The Dolphins plans to “announce that they are lowering the price" for all 9,800 club seats at Sun Life Stadium, even for fans "who are currently in the middle of their lease agreements,” according to Barry Jackson of the MIAMI HERALD. Most of the tickets are “declining in price from 11 percent to 60 percent.” The team also is “reducing the number of club-seat pricing areas from 11 to four.” A new "Dolphins Prime" area is “being created between the 40s on the visitors side and between the 20s on the home side.” In addition, all club-seat members “that commit for two years can buy a ticket to the BCS national championship game Jan. 7.” About 60% of the club seats “were filled on a season-ticket basis last year.” The team also has “reduced prices for some of its 160 suites.” Most regular season-ticket prices will “remain the same, with a few reduced in price” (MIAMIHERALD.com, 4/4). In West Palm Beach, Ben Volin noted the Dolphins are “trying to better connect with the fans to sell season tickets, which are now hovering somewhere in the mid-30,000s, the lowest level since the pre-Dan Marino days of the early 1980s.” The team held a conference call Tuesday with new coach Joe Philbin for season-ticket holders as “the first of many to be held this offseason.” Philbin will “participate in at least one more, as will owner Stephen Ross.” The team also “invites former season-ticket holders who haven’t renewed, with the goal of selling tickets during the call.” Former Dolphins players Mark Duper and A.J. Duhe will “also be hitting the community to help sell tickets” (PALMBEACHPOST.com, 4/3).
CHANGES TO LOGO POSSIBLE: Dolphins CEO Mike Dee said that the team is “soliciting fan opinion and will consider alterations to their logo and look to take advantage of opportunities under the NFL’s new apparel licensing agreements.” Dee said, “I don’t think you’d ever see us consider something as radical as Tampa Bay did going from the orange to the pewter gray. ... But I think we’re actively looking at ways to keep the brand current while respecting the great tradition and iconic value that we’ve been fortunate to inherit." He added, "It may result in subtle change, it may result in no change. It’s too early to tell.” In Ft. Lauderdale, Craig Davis noted the “most recent variation was in 1997 to the bolder, fiercer dolphin that appears on the side of helmets and jerseys.” Dee: “Whatever we do it is going to be with great reverence and respect for the history and iconic nature of all the marks and symbols fans have come to know and like” (SUN-SENTINEL.com, 4/4).
In Nashville, Allyn & Cooper in a front-page piece report there is "reason to believe that fans could turn out like never before" when the Predators begin postseason play next week. The team would not disclose how many playoff tickets have been bought, but Predators VP/Sales & Marketing Chris Parker said that sales "have been brisk." He also "predicts a sell-out crowd for at least the first couple of games." Allyn & Cooper note sales "have been bolstered this year, in part because the team has long known the playoffs were in sight." The Predators last year "knew it was headed to the playoffs just a few games before postseason started." Parker said that the timing "made it difficult to plan a marketing campaign and gave fans a shorter notice about purchasing postseason tickets" (Nashville TENNESSEAN, 4/6).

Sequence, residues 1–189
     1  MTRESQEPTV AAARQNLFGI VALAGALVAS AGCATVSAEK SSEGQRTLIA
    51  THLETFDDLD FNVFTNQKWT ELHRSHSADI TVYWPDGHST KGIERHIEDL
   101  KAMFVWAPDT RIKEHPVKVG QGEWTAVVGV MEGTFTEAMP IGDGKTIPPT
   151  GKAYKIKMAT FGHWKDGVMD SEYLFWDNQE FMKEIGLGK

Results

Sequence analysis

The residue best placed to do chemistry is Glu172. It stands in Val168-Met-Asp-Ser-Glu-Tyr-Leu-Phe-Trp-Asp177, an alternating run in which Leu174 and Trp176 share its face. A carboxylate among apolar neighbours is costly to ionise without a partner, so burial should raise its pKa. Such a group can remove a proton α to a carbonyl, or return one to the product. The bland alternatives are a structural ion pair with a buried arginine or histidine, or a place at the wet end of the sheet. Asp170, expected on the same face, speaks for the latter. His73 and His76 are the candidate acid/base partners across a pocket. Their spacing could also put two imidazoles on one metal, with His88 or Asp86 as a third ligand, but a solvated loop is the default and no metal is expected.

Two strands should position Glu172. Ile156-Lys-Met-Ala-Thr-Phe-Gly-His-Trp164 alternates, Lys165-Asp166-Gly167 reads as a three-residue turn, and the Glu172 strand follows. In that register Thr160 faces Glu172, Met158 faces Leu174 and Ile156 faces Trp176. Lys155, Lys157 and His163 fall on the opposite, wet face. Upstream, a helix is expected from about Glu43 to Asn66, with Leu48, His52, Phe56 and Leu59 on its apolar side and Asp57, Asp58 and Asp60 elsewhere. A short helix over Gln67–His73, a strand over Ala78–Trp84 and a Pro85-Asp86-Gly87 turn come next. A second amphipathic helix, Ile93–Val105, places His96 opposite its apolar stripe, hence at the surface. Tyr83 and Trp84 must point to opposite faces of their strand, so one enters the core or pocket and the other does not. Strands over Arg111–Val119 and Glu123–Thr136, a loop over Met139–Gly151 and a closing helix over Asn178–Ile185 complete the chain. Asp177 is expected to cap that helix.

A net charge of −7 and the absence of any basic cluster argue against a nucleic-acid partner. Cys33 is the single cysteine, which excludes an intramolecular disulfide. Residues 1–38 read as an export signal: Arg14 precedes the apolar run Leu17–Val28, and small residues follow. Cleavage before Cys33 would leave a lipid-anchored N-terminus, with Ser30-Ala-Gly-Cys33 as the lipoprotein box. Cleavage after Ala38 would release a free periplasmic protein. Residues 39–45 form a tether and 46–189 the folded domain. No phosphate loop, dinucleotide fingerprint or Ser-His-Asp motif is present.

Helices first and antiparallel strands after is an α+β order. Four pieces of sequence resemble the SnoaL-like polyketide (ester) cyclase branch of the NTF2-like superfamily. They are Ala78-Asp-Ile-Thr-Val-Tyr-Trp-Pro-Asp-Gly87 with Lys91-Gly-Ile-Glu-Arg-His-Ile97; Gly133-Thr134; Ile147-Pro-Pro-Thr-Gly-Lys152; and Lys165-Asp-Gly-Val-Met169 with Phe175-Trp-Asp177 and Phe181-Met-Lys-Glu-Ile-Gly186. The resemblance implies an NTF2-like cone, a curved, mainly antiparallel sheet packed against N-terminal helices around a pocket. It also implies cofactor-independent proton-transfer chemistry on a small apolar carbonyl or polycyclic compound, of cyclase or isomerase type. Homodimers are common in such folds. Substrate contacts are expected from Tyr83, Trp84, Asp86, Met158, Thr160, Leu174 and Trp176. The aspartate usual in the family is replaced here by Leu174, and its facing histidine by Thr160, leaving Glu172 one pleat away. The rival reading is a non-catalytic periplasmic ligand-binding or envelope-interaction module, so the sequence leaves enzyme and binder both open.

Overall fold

HOPING FOR A NEW TRAIL: In Portland, Jason Quick wrote judging from “the pockets of empty seats” at Wednesday’s Nets-Trail Blazers game, “more and more fans are losing confidence" that the Trail Blazers' management team will "give them a reason to renew" their season tickets before the April 12 deadline. However, Trail Blazers President Larry Miller said that he has “made 'progress' on his search for a general manager.” Miller knows that the candidates he is interviewing “will be in position to make a splash this summer.” He added that the current management team “has a plan for this summer, and the plan is to instantly transform the Blazers back into a contender” (Portland OREGONIAN, 4/5).
POPULAR PEOPLE: In Chicago, Danny Ecker noted a Scarborough Sports Marketing survey of 4,100 Chicago-area households showed the Blackhawks' fan base “had the largest percentage growth among all teams in the four major sports leagues over the past five years” in the area. The survey showed 43% of respondents “watched, listened to or attended a Blackhawks game during the 2011-12 season, up from 8 percent in 2007-08.” The Hawks' level of fan participation is now “fourth-highest in the NHL,” behind the Penguins, Sabres and Red Wings. The survey showed the hockey team “falls short” of the Bulls' fan reach of 46%, the Cubs' 50% and the Bears' 65%, but tops the White Sox' 40% (CHICAGOBUSINESS.com, 4/4).
POTENTIAL MOVE? In Oakland, Marcus Thompson II wrote if the Santa Cruz City Council “approves the funding of a 3,200-seat temporary facility downtown," the Warriors NBA D-League team will move to Santa Cruz next season. The plans call for Santa Cruz to loan the estimated $2.5M cost of the project to the Warriors. The Warriors would “provide $500,000 in basketball-related equipment and guarantee half of the loan, which is expected to be paid back in full through revenue from the D-League team.” If the project is not approved, the D-League team will stay in Bismarck, N.D. (IBABUZZ.com, 4/4).